Summary:

Internet giants’ brands are much more vulnerable to attack from the environmental movement than other industries. That explains in part why many of them pursue green technologies.

Mark Thiele Switch Niall McEntegart Structure:Europe 2013
photo: Anna Gordon/GigaOM


Session Name: Data Center Dilemmas: Cost vs. Ecosystem.

Announcer
Chris Albrecht
Katie Fehrenbacher
Niall McEntegart
Mark Thiele

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Announcer 01:18

Please welcome your Chris Albrecht back to the stage.

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Chris Albrecht 01:23

All right, everybody have a good lunch?

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Chris Albrecht 01:25

Thank you. Everybody have a good lunch? Yeah? We’re near the home stretch. Even though it died last time, I said I’m going to keep with the top gear metaphor. We just went through hammerhead. There we go. If on the course of our day, we just rounded that turn. Just want to do a couple of reminders real quick. We have Wi-Fi here. It’s at Confinternet, enter the password Grange1990. Twitter, follow us, we’re at GigOM. Keep the discussion going, tag it with Structure Europe. I know we have been light on questions today, but if you want to ask a question, there are microphones right there. And if you step up to that mic, people watching on the live stream can hear your question. So I want to bring out now my colleague Katie Fehrenbacher, she is a Senior Writer with GigaOM. She is going to be talking with Niall McEntegart, he is the European Datacenter Operation Manager for Facebook, and Mark Thiele, the EVP of Data Center Technology for Switch about Data Center Dilemmas: Cost vs. Ecosystem. Please welcome out our next panel.

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Katie Fehrenbacher 02:39

How is everybody? Doing good? As Chris said, my name is Katie Fehrenbacher, I’m a Senior Writer for GigaOM. I’m particularly excited to moderate this panel because in part of my life, I writhe about green technology, sustainability, and energy efficiency. So we are going to bring that topic to the Cloud. It’s one of those topics that if you’re a Data Center Operations Manager, you think about energy all the time, but from the outside perspective, people don’t really talk about how important energy is to maintaining the Cloud and keeping Data Centers running. Some of the most interesting innovation is happening in some of the technology around reducing energy consumption across the Data Center and the hardware, as well as, to a lesser extent, adding clean power. Mark was telling me backstage how in the past two years, there’s been an exponential jump in the discussion about how important energy efficiency and clean power are for the Cloud and for Data Centers. So, we’ve got Mark Thiele, who is EVP at Switch and Niall McEntegart, Data Center Operations Manager for Facebook Europe. I would love for you guys just to explain to the audience very basic about what you do and what you think in bottom terms of energy efficiency and clean power for Data Centers.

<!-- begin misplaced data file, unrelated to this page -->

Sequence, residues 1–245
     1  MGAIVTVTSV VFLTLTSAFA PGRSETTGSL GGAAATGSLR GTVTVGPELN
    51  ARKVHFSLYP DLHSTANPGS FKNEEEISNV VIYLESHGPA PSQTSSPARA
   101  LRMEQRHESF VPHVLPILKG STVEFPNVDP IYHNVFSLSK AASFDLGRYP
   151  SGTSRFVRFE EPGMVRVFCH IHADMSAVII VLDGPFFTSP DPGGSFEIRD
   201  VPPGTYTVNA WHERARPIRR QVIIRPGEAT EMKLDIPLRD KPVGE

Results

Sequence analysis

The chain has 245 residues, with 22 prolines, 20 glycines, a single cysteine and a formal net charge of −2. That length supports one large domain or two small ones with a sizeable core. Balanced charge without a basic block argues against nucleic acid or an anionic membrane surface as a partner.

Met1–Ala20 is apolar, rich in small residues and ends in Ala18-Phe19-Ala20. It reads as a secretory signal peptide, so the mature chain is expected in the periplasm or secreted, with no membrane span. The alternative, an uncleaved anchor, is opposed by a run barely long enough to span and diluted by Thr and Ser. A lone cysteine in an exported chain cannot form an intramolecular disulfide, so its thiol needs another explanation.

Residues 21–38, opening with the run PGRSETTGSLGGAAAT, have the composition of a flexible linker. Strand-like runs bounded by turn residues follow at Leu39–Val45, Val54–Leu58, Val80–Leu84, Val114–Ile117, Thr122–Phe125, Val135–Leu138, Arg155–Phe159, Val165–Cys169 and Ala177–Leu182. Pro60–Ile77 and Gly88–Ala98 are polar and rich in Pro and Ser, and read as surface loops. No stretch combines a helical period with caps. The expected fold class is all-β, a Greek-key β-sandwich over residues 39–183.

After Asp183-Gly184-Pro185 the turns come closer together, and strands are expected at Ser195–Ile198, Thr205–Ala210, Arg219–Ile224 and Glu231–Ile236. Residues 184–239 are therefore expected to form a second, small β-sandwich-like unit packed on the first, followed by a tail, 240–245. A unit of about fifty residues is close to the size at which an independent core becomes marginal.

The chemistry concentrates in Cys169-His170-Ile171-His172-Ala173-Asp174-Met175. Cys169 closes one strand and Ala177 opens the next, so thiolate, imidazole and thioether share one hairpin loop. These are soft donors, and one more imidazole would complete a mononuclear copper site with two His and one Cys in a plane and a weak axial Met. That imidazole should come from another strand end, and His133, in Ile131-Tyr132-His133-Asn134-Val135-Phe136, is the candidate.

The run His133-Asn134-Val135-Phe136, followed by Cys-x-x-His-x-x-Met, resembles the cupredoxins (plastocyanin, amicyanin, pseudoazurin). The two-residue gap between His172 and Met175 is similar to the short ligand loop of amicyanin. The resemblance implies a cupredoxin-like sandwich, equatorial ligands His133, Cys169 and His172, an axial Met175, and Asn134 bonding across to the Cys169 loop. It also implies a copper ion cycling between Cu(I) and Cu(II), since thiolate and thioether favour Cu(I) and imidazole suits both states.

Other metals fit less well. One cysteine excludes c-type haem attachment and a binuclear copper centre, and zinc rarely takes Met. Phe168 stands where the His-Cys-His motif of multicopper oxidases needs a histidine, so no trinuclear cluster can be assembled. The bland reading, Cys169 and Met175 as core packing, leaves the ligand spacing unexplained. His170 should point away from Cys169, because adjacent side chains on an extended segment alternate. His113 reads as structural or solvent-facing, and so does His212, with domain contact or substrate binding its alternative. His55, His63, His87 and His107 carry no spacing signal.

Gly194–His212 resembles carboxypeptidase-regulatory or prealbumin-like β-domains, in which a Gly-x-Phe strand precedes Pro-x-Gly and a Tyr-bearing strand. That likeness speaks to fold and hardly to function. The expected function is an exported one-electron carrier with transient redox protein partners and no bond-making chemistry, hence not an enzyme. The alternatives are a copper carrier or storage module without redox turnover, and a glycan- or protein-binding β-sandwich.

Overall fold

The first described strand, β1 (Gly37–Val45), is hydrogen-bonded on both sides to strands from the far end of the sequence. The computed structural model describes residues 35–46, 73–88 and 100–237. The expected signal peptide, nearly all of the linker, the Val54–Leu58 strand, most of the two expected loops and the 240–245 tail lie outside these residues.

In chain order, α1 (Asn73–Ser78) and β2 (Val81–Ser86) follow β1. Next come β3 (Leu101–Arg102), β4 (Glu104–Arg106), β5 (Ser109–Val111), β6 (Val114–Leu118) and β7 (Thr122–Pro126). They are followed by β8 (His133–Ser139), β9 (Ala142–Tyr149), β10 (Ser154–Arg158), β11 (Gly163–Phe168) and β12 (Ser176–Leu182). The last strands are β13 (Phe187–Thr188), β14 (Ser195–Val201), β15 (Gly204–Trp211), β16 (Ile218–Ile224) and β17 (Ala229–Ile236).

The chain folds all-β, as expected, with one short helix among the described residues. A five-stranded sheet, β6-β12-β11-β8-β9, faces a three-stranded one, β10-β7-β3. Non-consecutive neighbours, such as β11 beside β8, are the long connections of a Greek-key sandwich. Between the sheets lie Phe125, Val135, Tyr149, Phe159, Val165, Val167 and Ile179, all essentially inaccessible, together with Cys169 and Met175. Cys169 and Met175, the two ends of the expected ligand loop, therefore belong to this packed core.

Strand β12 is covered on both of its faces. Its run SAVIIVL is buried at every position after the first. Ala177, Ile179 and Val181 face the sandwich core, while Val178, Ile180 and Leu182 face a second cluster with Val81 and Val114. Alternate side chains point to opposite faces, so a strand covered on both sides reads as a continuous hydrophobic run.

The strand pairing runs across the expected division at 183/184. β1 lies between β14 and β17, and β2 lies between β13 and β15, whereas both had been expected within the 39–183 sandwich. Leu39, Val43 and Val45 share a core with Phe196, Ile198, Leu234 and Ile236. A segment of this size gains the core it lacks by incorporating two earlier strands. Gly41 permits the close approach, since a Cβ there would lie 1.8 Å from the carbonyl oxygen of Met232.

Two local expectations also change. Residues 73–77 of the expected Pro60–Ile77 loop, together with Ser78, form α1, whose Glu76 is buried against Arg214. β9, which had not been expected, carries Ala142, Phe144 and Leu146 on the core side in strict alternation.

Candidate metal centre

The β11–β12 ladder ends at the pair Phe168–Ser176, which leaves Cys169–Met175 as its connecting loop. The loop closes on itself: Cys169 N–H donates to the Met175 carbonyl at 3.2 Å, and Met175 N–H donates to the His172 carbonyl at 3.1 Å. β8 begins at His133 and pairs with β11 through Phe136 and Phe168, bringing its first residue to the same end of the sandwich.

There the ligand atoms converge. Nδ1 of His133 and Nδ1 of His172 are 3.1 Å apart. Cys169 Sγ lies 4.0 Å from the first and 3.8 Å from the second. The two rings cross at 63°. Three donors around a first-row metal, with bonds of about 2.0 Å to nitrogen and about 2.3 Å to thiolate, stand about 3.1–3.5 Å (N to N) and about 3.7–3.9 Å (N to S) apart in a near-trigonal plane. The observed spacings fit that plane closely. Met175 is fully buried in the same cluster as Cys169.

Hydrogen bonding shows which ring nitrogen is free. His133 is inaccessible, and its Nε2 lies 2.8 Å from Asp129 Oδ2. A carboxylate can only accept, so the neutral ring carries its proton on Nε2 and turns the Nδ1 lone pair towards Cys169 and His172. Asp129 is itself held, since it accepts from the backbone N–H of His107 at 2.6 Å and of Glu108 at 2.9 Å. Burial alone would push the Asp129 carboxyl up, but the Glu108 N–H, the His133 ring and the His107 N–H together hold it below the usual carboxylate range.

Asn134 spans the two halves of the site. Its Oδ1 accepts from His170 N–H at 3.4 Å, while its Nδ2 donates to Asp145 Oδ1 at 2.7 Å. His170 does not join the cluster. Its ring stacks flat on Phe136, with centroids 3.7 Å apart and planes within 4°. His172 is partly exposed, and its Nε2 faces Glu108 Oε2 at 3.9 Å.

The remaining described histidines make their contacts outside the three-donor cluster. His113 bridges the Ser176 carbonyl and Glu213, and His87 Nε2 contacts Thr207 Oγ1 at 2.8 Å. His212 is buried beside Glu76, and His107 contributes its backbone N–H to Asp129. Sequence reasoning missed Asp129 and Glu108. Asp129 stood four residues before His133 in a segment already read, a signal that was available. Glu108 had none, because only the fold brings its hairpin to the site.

Niall McEntegart 04:13

My name is Niall McEntegart. As mentioned, I run Data Center Operations for Facebook in Europe. We’ve recently opened our new Data Center in Lulea, which Frank would have talked about a little while ago. It’s the first Data Center outside of the US and it uses 100% open computer hardware. It’s also 100% hydroelectric power supplied, it’s fully carbon-neutral supplied as well. We’re very excited and very proud of our new Data Center in LuLea, in Northern Sweden.

Mark Thiele 04:48

So again, Mark Thiele. I’ve been working for Switch for about two and a half years now, but my background is working with internal IT organizations. I’ve been doing IT infrastructure, and Data Centers, and Cloud, and virtualization not all at the same time, but for about the last 25 years. Over the last six or seven years, both personally and through my private organization, and the work I do with companies like VMware, NL Switch I had a greater emphasis on finding the right model for ownership and sustainability around Data Centers and IT as a whole. Certainly, as Katie already pointed out, it’s becoming more and more important to us and our customers, almost every day, to deliver a product and service that is less impactful on the environment, and therefore more sustainable and more efficient.

Katie Fehrenbacher 05:43

So the obvious question is why? What is driving this transformation? Is it companies like Greenpeace pushing and harassing people? Is it economics? Is it Green PR? What really is it that are leading the decisions around making these changes, both about energy efficiency and also clean power?

Niall McEntegart 06:07